Devi - what about your Lara of the Rock HF? Is it finished?
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Posted: 4/15/2011 6:38 AM PDT
I am wondering about how to off my character - well not off her exactly - but sterilize her involuntarily. This takes place in the late iron age and the chick has an evil sister-in-law who wants to get rid of all the potential family heirs (except her own offspring of course). The evil sister-in-law gives the MC some kind of infusion that ends the pregnancy and makes her sterile. I don't have the herbal knowledge for this and need to do some research. I tried to divorce webook, but he keeps showing up on my doorstep with wilted flowers. I keep coming back because of RCR and you guys - you are great critics and you make me laugh.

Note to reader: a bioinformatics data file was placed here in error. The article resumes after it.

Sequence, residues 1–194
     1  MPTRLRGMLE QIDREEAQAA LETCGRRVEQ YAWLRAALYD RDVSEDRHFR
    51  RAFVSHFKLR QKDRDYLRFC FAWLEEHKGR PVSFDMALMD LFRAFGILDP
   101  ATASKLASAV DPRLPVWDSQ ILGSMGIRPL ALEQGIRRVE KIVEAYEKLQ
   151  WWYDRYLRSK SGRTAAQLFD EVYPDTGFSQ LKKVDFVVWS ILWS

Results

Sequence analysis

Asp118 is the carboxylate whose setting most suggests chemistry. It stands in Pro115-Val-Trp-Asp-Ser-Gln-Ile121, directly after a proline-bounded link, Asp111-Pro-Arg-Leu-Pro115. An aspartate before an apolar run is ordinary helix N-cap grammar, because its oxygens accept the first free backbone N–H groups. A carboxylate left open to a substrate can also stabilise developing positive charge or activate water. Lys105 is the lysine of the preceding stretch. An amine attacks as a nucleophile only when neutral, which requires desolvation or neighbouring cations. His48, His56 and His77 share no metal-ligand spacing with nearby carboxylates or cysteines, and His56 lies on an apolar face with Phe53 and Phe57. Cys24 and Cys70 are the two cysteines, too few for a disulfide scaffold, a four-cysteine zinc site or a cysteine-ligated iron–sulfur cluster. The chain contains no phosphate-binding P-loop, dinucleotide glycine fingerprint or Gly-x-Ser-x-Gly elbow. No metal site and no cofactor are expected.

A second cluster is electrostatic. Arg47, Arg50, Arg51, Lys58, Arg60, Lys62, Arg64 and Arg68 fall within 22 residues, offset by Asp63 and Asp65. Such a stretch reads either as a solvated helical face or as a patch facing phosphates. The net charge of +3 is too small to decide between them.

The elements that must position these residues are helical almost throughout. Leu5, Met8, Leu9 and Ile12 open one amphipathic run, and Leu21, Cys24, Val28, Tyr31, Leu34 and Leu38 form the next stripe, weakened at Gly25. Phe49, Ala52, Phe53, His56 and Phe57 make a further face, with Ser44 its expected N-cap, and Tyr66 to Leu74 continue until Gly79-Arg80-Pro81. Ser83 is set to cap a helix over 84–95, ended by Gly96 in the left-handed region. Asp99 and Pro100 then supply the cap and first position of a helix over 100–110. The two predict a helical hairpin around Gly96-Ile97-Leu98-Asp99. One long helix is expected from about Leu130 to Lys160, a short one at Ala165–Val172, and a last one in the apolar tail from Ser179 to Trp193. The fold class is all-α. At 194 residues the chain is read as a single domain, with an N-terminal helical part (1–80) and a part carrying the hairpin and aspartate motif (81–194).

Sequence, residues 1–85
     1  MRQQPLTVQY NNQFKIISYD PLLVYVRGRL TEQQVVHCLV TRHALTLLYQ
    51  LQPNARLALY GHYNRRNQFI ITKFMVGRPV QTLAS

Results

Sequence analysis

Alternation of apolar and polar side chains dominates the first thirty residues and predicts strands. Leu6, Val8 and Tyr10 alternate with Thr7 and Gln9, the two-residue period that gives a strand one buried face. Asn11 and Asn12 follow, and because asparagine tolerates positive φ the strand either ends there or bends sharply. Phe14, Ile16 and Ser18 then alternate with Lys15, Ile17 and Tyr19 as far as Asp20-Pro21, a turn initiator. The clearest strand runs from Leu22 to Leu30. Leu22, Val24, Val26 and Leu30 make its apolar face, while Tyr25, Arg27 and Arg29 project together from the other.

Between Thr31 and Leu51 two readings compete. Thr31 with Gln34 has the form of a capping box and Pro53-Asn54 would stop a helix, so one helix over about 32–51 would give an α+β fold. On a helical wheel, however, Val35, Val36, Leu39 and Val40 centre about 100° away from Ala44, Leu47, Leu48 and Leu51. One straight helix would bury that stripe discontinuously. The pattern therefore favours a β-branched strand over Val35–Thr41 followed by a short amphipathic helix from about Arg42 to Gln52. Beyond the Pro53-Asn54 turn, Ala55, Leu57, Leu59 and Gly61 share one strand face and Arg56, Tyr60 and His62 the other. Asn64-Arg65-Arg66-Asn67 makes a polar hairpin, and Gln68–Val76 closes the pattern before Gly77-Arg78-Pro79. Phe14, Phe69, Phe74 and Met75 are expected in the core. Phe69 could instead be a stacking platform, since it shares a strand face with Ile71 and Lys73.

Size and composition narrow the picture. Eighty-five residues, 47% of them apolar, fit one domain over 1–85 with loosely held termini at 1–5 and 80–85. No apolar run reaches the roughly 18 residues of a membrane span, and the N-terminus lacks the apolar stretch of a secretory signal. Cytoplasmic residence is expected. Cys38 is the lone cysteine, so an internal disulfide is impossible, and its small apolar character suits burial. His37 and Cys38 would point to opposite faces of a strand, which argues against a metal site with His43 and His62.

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Posted: 4/14/2011 5:39 AM PDT
That would be cool. You need to write it. I've read historical fiction, I like it, but I have no current interest in writing it. My favorites, btw, are those that were not historical at the time they were written. I like reading about the cultural perspective of the people who wrote about it as they experienced it. IF I ever write a historical, it will be right after I read a couple of books from a certain time and place so I can get a feel of the voice and the people. Did I know about Jackie Cochran? No. Did I know midwives had more success in the 19th century than doctors? Yep. Not only did I learn that in nursing school, but I did a lot of research on midwives after my horrible experience with my first child. My second child was born with the aid of a midwife, and I enjoyed it so much I almost wish I had more children. But the problem is I gotta raise them. :(
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Posted: 4/13/2011 6:00 PM PDT